All these creatures are in their true purpose designed for the service of man : numberless generations of them, certainly, pass away, and return to their dust, without being in themselves of immediate or visible advantage to him; but, we must consider, that, besides their use as present occupants of the earth, it is necessary that their kinds should have uninterrupted propagation and succession, in order that there might be no deficiency when man should appear to require and claim them. How great and manifold is the goodness of the Lord! How is it to be seen in all his works! Whatever has proceeded from his hands, has in it a purpose of wisdom and goodness, and should teach us to adore Him, and to love Him; to fear Him, and to obey Him. We behold these his wondrous doings ; these, the operations of his will; all of them admirable in their formation and use; many of them beauteous and delightful to look on; many of them magnificent, astonishing, and fearful. Yet, of whatever power, of whatever strength, of whatever appearance, they are are all subjected to the dominion of man; and, how, and in what respect? By means of the superior faculties, caused by the high favour shewn to him in his creation; and, as they are creatures of earth, though their personal strength is much greater than his own, he is, by the force of his mind, able to master and control it. This their condition, then, should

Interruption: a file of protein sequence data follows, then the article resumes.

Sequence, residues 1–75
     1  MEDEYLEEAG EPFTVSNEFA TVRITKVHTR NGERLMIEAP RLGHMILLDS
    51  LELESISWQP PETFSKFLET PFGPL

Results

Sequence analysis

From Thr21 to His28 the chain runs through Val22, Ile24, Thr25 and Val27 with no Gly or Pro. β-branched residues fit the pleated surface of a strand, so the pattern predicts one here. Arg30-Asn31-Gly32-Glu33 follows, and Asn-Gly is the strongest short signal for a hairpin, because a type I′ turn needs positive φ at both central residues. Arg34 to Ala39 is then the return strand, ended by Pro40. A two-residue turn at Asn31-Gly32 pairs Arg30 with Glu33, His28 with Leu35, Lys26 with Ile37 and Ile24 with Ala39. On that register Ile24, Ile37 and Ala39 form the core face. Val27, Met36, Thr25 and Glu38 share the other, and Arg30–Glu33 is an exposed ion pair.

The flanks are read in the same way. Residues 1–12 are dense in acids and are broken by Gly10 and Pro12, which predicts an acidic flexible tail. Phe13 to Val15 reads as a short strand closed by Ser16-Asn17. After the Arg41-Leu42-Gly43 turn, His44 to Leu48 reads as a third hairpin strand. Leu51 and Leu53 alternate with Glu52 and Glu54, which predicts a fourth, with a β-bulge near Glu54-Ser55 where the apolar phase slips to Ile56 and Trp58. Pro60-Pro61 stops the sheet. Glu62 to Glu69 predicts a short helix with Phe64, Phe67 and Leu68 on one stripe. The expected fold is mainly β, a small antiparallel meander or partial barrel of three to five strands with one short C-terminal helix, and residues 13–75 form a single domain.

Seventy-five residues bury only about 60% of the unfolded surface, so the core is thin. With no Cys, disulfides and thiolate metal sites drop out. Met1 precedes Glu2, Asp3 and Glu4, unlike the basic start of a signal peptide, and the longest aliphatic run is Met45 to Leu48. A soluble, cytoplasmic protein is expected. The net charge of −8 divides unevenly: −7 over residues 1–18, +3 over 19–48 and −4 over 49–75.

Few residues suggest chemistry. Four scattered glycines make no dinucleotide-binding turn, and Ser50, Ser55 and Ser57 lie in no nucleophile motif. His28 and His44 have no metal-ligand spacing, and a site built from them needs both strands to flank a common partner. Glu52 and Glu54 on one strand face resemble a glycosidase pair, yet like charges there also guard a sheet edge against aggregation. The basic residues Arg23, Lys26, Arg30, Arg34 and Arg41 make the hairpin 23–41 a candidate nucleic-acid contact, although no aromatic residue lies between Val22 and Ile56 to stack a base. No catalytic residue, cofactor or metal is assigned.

set before him the amount of value at which mortal endowments are to be estimated: he enjoys them in common with the beasts that perish, and, in some points, in less measure—with those, whose “spirit goeth downwards when they die.” For all these wonders, it is our duty to praise and magnify our God, and to laud His glorious name; acknowledging His power to be supreme and infinite; acknowledging Him as the Master and Ruler of all, whose name only is excellent in all the world. The strength and might of all else is but as dust, exists but by his command, and fades away if He wills it. The same word that commanded the existence of the smallest reptile, commanded the existence of “Behemoth;" and each is equal in his sight, as being of his creation; each is to Him of equal observance and care.

The same Almighty Power created either; and it required no greater, or closer, or larger application of it, to create the one than the other.

Either He pronounced, when He went down to view it, to be equally “good;" to be equally worthy of Himself as Contriver and Framer; equally adapted to the purpose for which its existence was designed, and, by reason thereof, as equally having the promise of his own superintending providence. These are things which ought to sink deeply into the hearts of men, as the reasonable and favoured creatures of this great God and Creator: they are they which ought to induce them to all holy, and faithful, and obedient thoughts and resolves; to all just notions of other creatures, of themselves, and of Him ; for, by such is it that his purpose, his great and gracious purpose in them, will be best and most acceptably fulfilled, and his sentence of approval, or of blessing, be most happily realized.